Prambanan


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Prambanan (Indonesia)

(religion, spiritualism, and occult)

Prambanan, or Lorojonggrang, the largest Hindu temple complex in Indonesia, was a direct result of the change of political control when the Hindu Sanjaya Dynasty replaced the Buddhist Sailendra Dynasty in the southern half of the island of Java. Buddhists had constructed a large STUPA complex at Borobudur north of Yogyakarta. The Prambanan temple complex was only 25 miles from Yogykarta and about 12 miles from Borobudur.

Intensive construction on Prambanan appears to have been commenced by Rakai Pikatan (who had a Buddhist wife) about 850 CE. He built the main temple, and various groups of believers added additional buildings. The main temple had a wall separating it from the other temples, and the nearby river was diverted to flow past it.

The Sanjaya Dynasty identified itself with Shiva, and Javanese Hinduism was intensely Shavite in form. In addition, worship at Prambanan mixed veneration of the deities with obeisance to the king. Some of the lesser temples represented the attempts of lesser royalty to assert their position in both the heavenly and political hierarchy.

The fate of Prambanan followed closely that of its rival Borobudur. Java was conquered by Islam, and Hinduism was suppressed. The acknowledgment of previous rulers as Prambanan was especially attacked. In time, the complex was abandoned, the site overrun by jungle, and its very existence forgotten. It was only rediscovered in 1733 when a Dutch explorer, C. A. Lons, reported having come across it. The first efforts at clearing the site, however, did not begin until 1885. Real restoration, begun in the 1930s, was stopped by the advent of World War II. Restoration of what were literally hundreds of temples at the complex continues today, though believers again began to utilize the site after the Shiva temple was rededicated in 1953.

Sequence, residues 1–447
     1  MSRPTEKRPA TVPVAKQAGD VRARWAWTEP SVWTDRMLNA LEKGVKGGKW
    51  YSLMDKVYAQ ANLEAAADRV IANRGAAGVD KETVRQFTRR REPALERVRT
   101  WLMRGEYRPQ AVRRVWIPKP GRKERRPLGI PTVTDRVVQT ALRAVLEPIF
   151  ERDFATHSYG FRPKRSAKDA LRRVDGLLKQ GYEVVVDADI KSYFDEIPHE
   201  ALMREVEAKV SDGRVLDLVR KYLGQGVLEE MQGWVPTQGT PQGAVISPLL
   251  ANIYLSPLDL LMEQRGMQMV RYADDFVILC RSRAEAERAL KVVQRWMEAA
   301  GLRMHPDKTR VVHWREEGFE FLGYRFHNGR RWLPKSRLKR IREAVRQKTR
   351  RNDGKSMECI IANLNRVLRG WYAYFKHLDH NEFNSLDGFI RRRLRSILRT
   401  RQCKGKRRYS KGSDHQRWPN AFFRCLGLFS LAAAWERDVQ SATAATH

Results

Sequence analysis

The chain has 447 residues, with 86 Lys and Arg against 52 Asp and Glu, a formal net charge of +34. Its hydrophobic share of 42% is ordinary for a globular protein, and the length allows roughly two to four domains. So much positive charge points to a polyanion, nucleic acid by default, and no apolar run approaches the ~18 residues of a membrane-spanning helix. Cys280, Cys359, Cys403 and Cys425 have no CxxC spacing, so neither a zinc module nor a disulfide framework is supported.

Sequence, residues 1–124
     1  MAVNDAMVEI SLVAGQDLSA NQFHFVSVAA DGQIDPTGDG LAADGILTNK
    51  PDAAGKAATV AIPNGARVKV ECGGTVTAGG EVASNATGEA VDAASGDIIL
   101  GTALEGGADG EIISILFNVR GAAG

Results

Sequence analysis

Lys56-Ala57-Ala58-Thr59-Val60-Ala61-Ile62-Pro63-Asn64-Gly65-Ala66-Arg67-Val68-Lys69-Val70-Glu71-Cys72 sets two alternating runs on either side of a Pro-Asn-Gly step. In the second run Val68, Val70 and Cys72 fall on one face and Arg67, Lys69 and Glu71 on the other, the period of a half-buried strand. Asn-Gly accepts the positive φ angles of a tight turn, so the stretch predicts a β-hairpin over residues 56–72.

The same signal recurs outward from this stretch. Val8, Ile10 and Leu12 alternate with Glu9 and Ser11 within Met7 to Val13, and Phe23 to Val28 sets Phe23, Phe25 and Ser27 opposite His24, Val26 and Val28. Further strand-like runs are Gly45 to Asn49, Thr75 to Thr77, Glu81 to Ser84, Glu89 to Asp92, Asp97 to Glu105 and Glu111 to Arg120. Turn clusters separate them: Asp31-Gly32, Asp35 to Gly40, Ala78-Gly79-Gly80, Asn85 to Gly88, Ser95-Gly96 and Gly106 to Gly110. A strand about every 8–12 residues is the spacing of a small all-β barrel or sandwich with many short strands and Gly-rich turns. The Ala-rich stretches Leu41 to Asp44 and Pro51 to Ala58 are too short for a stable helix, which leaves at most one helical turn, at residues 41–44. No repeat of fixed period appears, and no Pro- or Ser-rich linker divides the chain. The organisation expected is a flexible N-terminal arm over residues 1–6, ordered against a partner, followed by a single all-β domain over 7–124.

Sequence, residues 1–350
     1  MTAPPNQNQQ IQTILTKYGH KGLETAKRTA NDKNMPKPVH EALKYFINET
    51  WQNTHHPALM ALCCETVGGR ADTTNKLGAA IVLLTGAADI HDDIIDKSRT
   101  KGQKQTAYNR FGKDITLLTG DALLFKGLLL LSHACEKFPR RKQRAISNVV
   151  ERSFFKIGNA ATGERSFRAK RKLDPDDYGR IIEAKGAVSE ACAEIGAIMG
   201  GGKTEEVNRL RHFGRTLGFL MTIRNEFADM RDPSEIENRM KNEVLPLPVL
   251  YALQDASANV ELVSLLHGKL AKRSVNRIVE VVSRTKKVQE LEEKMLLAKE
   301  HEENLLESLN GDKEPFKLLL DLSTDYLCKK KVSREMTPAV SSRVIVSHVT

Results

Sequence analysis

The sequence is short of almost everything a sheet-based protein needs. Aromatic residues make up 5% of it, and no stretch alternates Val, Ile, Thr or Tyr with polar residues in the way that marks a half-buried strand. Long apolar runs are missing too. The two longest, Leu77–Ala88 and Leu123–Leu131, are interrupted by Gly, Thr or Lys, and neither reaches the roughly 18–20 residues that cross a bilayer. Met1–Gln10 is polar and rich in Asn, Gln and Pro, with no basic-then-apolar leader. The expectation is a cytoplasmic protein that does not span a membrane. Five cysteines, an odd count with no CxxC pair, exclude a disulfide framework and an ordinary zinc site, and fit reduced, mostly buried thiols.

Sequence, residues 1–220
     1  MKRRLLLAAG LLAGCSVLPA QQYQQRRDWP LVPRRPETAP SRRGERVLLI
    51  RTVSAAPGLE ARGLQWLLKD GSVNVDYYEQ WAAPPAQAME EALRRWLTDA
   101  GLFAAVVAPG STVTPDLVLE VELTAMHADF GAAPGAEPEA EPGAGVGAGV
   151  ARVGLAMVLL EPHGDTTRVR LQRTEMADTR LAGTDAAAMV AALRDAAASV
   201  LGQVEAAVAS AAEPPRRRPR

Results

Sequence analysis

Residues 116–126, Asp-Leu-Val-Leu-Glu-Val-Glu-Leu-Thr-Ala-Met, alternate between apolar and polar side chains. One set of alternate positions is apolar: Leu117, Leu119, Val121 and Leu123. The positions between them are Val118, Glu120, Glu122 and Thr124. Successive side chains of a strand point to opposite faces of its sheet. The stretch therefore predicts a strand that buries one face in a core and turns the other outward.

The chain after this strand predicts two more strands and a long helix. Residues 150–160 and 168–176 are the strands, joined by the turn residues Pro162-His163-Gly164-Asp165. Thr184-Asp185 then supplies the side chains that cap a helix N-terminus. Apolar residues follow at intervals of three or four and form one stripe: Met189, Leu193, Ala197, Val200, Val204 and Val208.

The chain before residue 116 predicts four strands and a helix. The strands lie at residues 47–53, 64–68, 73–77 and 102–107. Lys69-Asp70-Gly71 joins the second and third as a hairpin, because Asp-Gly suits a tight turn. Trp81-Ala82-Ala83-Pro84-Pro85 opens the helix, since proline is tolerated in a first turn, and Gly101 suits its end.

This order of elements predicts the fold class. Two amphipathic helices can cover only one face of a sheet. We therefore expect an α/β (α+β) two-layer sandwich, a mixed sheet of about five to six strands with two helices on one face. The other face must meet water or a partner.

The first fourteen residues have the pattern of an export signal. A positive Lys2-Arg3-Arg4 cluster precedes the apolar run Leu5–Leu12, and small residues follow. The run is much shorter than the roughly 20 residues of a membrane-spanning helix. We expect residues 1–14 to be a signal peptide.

The complex centers on the Main Shiva temple and fifteen additional, slightly smaller temples, including temples dedicated to Vishnu and Brahma. Outside the wall that separates the center square are 224 small temples arranged in four rows. The farther the temple is from the center, the smaller in height it is. A second wall surrounds these smaller temples. Gates admit people to the various areas of the complex. While reconstruction continues, the complex has become a favorite site of the Hindu minority on Java, as well as other Indonesian islands.

Sources:

Bunce, Frederick W. The Iconography of Architectural Plans: A Study of the Influence of Buddhism and Hinduism on Plans of South and Southeast Asia. New Delhi: D.K. Printworld, 2002.
Iyer, Alessandra. Prambanan: Sculpture and Dance in Ancient Java. A Study in Dance Iconography. Bangkok: White Lotus Press, 1998.
Jipto, Moert, and Bambang Prasetyo. The Siwa Temple of Prambanan. Yogyakarta, Indonesia: Penerbit Kanisius, 1992.
Jordaan, Roy E. In Praise of Prambanan: Dutch Essays on the Lord Jonggrang Temple Complex. Leiden: KITLV Press, 1996.

Prambanan

 

a settlement in Central Java, Indonesia, located in a valley at the southern foot of the Marapi Volcano.

Many medieval structures, including temples (tjandi), have been preserved in this area. Among the temples are the Buddhist Kalasan temple (possibly founded in 778; later rebuilt, with the present structure dating to the mid-ninth century), the Sari temple (eighth or ninth century), the Buddhist Sewu temple (first half of the ninth century) and the Plaosan temple (mid-ninth century), and the Hindu temple complex of Lara Djonggrang (also called the Slender Maiden, the popular nickname for the statue of the goddess Durga in the main temple; second half of the ninth century or early tenth century).

REFERENCES

Groneman, I. The Hindu Ruins in the Plain of Parambanan. Semarang, 1901.
Bernet Kempers, A. Tjandi Kalasan dan Sari. Jakarta, 1954.
Bernet Kempers, A. Petundjuk singkat tentang tjandi Lara Djonggrang. Jogjakarta [1955].
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